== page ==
Tuesday, February 19, 2008

Raise Taxes to Cut Taxes?

By Senator Jay Paul Gumm, D-Durant

Hello again, everybody! Legislative committees in both the Senate and House of Representatives continue consideration of the hundreds of bills filed for 2008.

As committees approve bills, and refer them to the full Senate or House, we get a better idea of the nature of this session, and it is a mixed bag. Not every bill filed is good for Oklahoma; in fact, some are quite bad for our state, and a big part of my job as your senator is to help kill those bills that would be bad for our state and its people.

One of the worst proposals on the table this year is a measure that would begin to “sunset,” or systematically end, many of our state’s tax exemptions. The result would be a systematic tax increase for a broad spectrum of Oklahoma business activities. In fact, if enacted as presented, it would by far be the largest tax increase in Oklahoma’s history.

Proponents of ending those exemptions have been clear: they want to raise taxes so they can cut taxes – primarily for the wealthiest among us. I know; it does not make sense to me, either. This proposal would be a “tax shift” that is potentially devastating for many Oklahoma businesses and jobs. It could drive up food prices for you and me, but more on that in a moment.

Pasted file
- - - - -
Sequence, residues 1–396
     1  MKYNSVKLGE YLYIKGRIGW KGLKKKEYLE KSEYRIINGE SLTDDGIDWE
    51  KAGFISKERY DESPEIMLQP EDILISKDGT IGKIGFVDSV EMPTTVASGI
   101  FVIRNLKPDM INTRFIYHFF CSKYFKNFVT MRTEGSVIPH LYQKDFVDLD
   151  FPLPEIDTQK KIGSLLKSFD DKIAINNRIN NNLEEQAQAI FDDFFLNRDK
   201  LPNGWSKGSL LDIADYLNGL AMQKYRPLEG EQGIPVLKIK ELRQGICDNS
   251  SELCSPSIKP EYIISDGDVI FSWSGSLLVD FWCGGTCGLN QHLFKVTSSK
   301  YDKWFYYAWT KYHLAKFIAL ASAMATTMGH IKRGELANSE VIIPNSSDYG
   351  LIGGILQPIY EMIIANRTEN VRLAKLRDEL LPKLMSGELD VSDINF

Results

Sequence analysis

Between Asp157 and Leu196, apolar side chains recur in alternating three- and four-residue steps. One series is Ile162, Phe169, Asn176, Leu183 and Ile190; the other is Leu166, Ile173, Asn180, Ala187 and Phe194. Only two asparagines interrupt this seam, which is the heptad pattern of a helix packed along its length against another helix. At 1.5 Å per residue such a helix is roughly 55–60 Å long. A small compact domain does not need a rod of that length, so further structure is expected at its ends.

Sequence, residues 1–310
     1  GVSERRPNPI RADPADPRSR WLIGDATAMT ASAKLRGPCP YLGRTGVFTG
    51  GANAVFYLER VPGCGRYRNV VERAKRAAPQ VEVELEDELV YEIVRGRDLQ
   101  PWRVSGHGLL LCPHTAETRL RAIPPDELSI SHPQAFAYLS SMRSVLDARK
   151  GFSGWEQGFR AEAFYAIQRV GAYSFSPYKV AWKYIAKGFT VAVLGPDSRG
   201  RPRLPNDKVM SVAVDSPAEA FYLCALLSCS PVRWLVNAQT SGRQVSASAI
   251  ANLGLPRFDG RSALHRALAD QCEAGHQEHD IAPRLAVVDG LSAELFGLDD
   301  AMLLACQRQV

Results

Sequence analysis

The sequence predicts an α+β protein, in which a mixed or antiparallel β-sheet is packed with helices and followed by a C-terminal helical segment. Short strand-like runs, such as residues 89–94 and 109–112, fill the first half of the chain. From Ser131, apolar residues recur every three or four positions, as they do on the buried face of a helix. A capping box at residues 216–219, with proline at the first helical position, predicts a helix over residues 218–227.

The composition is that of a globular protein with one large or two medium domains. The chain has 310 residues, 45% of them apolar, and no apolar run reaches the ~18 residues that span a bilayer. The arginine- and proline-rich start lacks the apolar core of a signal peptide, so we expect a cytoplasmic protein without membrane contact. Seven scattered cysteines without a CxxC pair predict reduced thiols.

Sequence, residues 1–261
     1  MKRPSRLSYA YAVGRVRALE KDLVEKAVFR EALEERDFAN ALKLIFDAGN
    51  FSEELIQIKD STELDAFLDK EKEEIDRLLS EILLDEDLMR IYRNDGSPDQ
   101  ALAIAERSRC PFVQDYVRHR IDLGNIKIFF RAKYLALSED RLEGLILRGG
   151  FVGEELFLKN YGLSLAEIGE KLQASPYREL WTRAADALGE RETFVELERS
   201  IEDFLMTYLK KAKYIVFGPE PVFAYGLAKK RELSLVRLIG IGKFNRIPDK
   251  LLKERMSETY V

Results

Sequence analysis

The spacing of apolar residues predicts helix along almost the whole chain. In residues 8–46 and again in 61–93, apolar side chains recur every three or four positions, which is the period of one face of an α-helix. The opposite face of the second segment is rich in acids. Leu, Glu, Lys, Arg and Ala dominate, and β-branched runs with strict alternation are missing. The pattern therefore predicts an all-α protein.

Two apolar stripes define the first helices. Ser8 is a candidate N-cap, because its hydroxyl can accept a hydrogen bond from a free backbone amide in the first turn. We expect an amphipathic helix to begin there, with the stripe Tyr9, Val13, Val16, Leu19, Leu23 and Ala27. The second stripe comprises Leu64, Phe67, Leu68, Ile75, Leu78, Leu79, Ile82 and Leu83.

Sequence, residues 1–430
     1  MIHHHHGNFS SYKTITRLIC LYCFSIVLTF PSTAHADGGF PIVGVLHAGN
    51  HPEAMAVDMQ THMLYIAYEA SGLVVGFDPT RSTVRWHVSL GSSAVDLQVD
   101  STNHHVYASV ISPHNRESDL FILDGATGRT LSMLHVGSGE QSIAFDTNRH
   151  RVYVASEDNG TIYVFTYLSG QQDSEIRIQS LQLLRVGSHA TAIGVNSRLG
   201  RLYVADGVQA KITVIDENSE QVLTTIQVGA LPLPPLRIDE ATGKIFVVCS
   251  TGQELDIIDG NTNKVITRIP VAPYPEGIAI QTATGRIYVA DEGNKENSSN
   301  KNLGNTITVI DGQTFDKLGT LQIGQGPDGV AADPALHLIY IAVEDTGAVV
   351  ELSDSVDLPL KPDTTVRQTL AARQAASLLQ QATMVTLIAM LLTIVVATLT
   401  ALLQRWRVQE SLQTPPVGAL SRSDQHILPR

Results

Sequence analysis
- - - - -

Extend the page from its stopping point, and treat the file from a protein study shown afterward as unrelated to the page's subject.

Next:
This notion of “tax shifting” – from an economic development standpoint – troubles me greatly. In essence, ending these exemptions would be breaking a promise we made to businesses that have invested in our state and our people.

Businesses relocate or expand into a state based on a set of promises. New and existing businesses that make new investments and create new jobs do not deserve to have the rug pulled out from under them by eliminating exemptions on which they depend.

For those of us in rural Oklahoma, the idea to sunset these exemptions should be especially troubling. Agriculture is one component of our economy that benefits from these tax exemptions. I believe it would be very poor policy for Oklahoma to turn its back on this pillar of our state’s economy, a segment of the economy on which we all depend for life itself.

I like the bumper sticker that says, “If you eat, you are involved in agriculture.” Removing the tax exemptions enjoyed by the agriculture industry would make it harder for our farmers and ranchers to make a living; it also could raise food prices we all pay at the grocery store. Some would do all that just to cut taxes for the very wealthy.

Oklahoma should keep its promises. Because of that, I will oppose this measure at every turn. It is a bad idea that ultimately would cost all of us much more than it potentially might save.

Thanks again for reading the “Senate Minute,” have a great week and may God bless you all.

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